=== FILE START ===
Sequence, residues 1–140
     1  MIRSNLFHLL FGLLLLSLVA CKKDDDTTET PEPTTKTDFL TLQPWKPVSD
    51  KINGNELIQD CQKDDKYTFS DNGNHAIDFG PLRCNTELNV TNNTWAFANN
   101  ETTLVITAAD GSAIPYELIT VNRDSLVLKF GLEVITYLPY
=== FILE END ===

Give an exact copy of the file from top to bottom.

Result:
Sequence, residues 1–140
     1  MIRSNLFHLL FGLLLLSLVA CKKDDDTTET PEPTTKTDFL TLQPWKPVSD
    51  KINGNELIQD CQKDDKYTFS DNGNHAIDFG PLRCNTELNV TNNTWAFANN
   101  ETTLVITAAD GSAIPYELIT VNRDSLVLKF GLEVITYLPY